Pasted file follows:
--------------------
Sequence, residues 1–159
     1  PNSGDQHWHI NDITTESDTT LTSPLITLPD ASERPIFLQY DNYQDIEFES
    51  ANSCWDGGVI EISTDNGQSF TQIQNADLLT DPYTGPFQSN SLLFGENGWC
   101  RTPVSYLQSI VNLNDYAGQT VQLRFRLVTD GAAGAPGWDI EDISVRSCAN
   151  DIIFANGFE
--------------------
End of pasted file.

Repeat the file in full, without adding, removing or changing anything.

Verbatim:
Sequence, residues 1–159
     1  PNSGDQHWHI NDITTESDTT LTSPLITLPD ASERPIFLQY DNYQDIEFES
    51  ANSCWDGGVI EISTDNGQSF TQIQNADLLT DPYTGPFQSN SLLFGENGWC
   101  RTPVSYLQSI VNLNDYAGQT VQLRFRLVTD GAAGAPGWDI EDISVRSCAN
   151  DIIFANGFE